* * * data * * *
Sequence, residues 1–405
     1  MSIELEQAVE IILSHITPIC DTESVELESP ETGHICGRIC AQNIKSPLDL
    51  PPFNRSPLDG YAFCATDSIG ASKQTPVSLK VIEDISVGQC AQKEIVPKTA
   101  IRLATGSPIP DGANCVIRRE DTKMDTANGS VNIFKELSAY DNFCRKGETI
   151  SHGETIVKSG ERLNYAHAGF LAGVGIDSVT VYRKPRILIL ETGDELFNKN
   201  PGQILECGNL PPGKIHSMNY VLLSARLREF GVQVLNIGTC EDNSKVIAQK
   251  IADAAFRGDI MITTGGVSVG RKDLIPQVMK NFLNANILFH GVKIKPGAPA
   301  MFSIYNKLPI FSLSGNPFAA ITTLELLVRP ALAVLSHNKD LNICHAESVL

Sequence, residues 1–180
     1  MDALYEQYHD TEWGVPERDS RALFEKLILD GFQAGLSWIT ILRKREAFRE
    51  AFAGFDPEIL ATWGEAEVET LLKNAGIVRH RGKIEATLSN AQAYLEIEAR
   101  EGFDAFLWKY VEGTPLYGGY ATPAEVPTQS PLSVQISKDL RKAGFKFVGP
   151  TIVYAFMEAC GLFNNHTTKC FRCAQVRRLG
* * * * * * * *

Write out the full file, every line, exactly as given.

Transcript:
Sequence, residues 1–405
     1  MSIELEQAVE IILSHITPIC DTESVELESP ETGHICGRIC AQNIKSPLDL
    51  PPFNRSPLDG YAFCATDSIG ASKQTPVSLK VIEDISVGQC AQKEIVPKTA
   101  IRLATGSPIP DGANCVIRRE DTKMDTANGS VNIFKELSAY DNFCRKGETI
   151  SHGETIVKSG ERLNYAHAGF LAGVGIDSVT VYRKPRILIL ETGDELFNKN
   201  PGQILECGNL PPGKIHSMNY VLLSARLREF GVQVLNIGTC EDNSKVIAQK
   251  IADAAFRGDI MITTGGVSVG RKDLIPQVMK NFLNANILFH GVKIKPGAPA
   301  MFSIYNKLPI FSLSGNPFAA ITTLELLVRP ALAVLSHNKD LNICHAESVL

Sequence, residues 1–180
     1  MDALYEQYHD TEWGVPERDS RALFEKLILD GFQAGLSWIT ILRKREAFRE
    51  AFAGFDPEIL ATWGEAEVET LLKNAGIVRH RGKIEATLSN AQAYLEIEAR
   101  EGFDAFLWKY VEGTPLYGGY ATPAEVPTQS PLSVQISKDL RKAGFKFVGP
   151  TIVYAFMEAC GLFNNHTTKC FRCAQVRRLG